In a groundbreaking discovery, physicists wielding a diamond needle tipped with a single electron have identified seemingly implausible one-sided magnets swirling along the surface of hematite, a mineral composed of iron oxide. This revelation challenges traditional notions of magnetism and may pave the way for advancements in computer memory technology.

The laws of physics, as currently understood, assert the impossibility of magnets possessing only one pole. However, when dealing with particles at the microscopic level, anomalies arise, allowing for unconventional phenomena. Researchers, led by Jani, uncovered magnetic monopoles on the surface of hematite—tiny bits of magnetic matter exhibiting a sole pole, contrary to the usual two.

The unique structure of hematite’s surface, characterized by microscopic swirls, enables groups of particles to generate minuscule magnetic fields with just one pole through their collective rotation. While conventional magnets exhibit both north and south poles, these emergent properties on the hematite surface defy the norm, presenting quasi-particles with singular magnetic poles.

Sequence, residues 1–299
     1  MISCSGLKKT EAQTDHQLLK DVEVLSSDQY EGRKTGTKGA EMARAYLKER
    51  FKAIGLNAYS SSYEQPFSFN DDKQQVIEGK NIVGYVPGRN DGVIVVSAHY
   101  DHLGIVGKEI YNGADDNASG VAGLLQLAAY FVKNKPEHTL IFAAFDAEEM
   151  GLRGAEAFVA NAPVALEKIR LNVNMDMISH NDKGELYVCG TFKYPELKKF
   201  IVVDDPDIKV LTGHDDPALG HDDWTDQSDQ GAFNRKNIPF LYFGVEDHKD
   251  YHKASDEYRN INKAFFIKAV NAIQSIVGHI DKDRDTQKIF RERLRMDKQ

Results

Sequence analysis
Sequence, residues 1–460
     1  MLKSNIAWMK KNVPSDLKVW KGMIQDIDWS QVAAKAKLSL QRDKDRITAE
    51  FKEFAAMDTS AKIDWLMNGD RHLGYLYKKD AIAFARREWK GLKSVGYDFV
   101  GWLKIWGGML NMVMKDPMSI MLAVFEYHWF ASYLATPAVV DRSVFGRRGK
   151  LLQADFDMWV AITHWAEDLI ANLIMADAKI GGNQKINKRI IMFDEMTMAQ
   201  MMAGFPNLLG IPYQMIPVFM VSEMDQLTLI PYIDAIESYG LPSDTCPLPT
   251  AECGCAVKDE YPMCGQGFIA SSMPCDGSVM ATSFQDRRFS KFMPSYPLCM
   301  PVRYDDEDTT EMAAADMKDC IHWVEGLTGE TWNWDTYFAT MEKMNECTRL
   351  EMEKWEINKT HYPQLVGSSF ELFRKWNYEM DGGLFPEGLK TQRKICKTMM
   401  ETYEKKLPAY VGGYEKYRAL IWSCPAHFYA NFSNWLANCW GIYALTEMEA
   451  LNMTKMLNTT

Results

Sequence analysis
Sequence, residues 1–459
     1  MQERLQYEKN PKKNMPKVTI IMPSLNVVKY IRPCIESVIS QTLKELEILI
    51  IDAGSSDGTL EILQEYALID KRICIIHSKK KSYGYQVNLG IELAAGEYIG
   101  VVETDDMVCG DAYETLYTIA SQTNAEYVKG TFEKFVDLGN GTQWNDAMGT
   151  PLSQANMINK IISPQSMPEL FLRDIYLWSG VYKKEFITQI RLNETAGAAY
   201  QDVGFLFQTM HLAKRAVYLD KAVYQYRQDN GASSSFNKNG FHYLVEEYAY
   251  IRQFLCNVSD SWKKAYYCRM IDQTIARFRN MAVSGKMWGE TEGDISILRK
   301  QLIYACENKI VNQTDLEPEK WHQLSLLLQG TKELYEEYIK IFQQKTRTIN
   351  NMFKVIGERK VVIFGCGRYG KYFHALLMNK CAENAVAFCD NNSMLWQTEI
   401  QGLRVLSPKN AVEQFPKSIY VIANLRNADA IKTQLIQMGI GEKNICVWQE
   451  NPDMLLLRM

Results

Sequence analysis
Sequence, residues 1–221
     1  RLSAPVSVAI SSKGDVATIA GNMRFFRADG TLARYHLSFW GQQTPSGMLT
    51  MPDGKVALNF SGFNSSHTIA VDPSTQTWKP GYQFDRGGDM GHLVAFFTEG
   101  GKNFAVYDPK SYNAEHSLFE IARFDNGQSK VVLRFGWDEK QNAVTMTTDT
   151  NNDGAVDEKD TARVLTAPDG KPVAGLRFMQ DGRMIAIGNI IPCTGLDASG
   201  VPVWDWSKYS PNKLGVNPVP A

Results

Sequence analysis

In their study, the scientists employed diamond quantum magnetometry, a sophisticated imaging technique. This method utilizes the angular momentum of an electron positioned at the tip of a diamond needle to measure small magnetic fields without disrupting their behavior. The collaboration of particles on the hematite surface, driven by their combined angular momentum, creates the effect of a single particle with a lone magnetic pole—a phenomenon referred to as a “quasi-particle.”

The significance of this discovery extends to the realm of computer memory technology, which relies on magnets and magnetic spin. The isolation of monopoles, even in the form of quasi-particles, grants engineers enhanced control over magnetic spin. This newfound control may allow for the sorting and storage of data based on the direction of magnetic poles, potentially leading to more energy-efficient computer memory systems.

In essence, the exploration of single-pole magnets on hematite surfaces opens a promising avenue for advancements in technology, challenging established principles and offering potential breakthroughs in the field of magnetic-based data storage.

By Impact Lab